Extremely Loud & Incredibly Close - Bizarre movie. It tries so hard to pull at the heartstrings, and even succeeds in a few scenes, but there is so much here that defies reality that the movie as whole can only be seen as a failure.
It's all about the kid. The kid whose dad dies in one of the buildings on 9./11. He's having an incredibly difficult time letting go, and is desperately trying to find ways to keep his dad in his life. This is can relate to. This I can understand. The problem is that he acts nothing like any 9 year old I've ever met. Well, I take that back. He actually reminded me of my son somewhat, with all his questions, and ponderings. He and his dad - had a unique relationship, and a very close one. But he's only 9 years old! He is allowed to trek all over New York all by himself talking to all sorts of strange people. He is allowed to have, what looks like, absolute freedom to come and go. It's just so hard to buy into.
Even with them mentioning that he may have Aspergers, or something like it, that still doesn't excuse everything that goes on.
Then we have the absolutely ridiculous "revelation" towards the end of what his mom has been up to. It totally negates the point of the movie, and pretty much ruins all that came before. I don't know what they were thinking with that. Or what the author was thinking, as this is a book adaptation.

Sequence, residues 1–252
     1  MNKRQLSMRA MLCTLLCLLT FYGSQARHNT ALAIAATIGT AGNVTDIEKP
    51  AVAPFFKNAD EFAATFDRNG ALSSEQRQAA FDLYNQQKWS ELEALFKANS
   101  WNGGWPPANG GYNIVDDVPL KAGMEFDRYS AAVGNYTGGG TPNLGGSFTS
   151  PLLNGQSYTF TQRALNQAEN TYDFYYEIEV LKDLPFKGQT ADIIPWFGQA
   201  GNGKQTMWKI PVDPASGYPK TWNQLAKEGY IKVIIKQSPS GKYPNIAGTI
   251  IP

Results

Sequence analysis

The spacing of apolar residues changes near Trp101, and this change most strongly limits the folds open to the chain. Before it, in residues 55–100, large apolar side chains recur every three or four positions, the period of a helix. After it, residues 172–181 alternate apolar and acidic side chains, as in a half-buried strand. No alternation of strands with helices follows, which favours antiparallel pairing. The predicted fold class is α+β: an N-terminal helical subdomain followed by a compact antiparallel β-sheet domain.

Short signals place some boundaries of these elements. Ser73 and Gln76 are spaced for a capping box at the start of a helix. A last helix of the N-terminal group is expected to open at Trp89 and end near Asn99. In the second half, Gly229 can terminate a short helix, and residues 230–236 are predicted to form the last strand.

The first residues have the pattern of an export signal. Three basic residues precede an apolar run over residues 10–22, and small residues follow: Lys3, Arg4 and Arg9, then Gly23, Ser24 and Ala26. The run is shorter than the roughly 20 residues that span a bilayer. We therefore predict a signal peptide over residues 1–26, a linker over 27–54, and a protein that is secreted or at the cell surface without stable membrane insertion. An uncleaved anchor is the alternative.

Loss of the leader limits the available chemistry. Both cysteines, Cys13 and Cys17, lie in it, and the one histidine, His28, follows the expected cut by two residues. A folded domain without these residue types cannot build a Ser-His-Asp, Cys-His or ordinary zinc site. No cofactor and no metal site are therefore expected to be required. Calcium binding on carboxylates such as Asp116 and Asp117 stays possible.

Despite all it's problems there is still some good here, and still plenty to be taken away from it. Some of it was really quite effective, and even pulled on my oh-so-cynical heartstrings. Too bad these moments are so few and far between.
It's a rainy day, so I took my wife and son to see:
ParaNorman - For the longest time I had little interest in this movie. Then I saw that it was stop-motion and made by the fine people who made Coraline(You HAVE seen Coraline, right?). The good reviews sealed the deal, and we finally went today.
This was just plain old-fashioned fun. It had a great classic horror movie feel to the look and the story. It even pays homage to several obvious influences.
The story itself isn't particularly original, and nor are the characters. Indeed, most of the side characters are pure stereotypes. Clueless parents, ditzy blonde older sister, generic bully, fat friend. Despite this, it all comes together in a very funny, and sometimes even poignant, movie. It WAS a little odd when the movie suddenly shifted gears in the last 10 minutes to explore some heady stuff, but it was inevitable considering the material.
I'm all about the recent spate of kids movies touting acceptance. It's ok to be different. In fact, it should be encouraged. Why shouldn't everyone be allowed to be who they want to be, without being bullied or mocked? Right from the beginning Norman is called a freak. Even the adults join in. To be different; To think different, is wrong.
By the end of the movie, after all sorts of crazy events, the new message is loud and clear: Let your freak flag fly. If only it didn't take such means to get to such an end.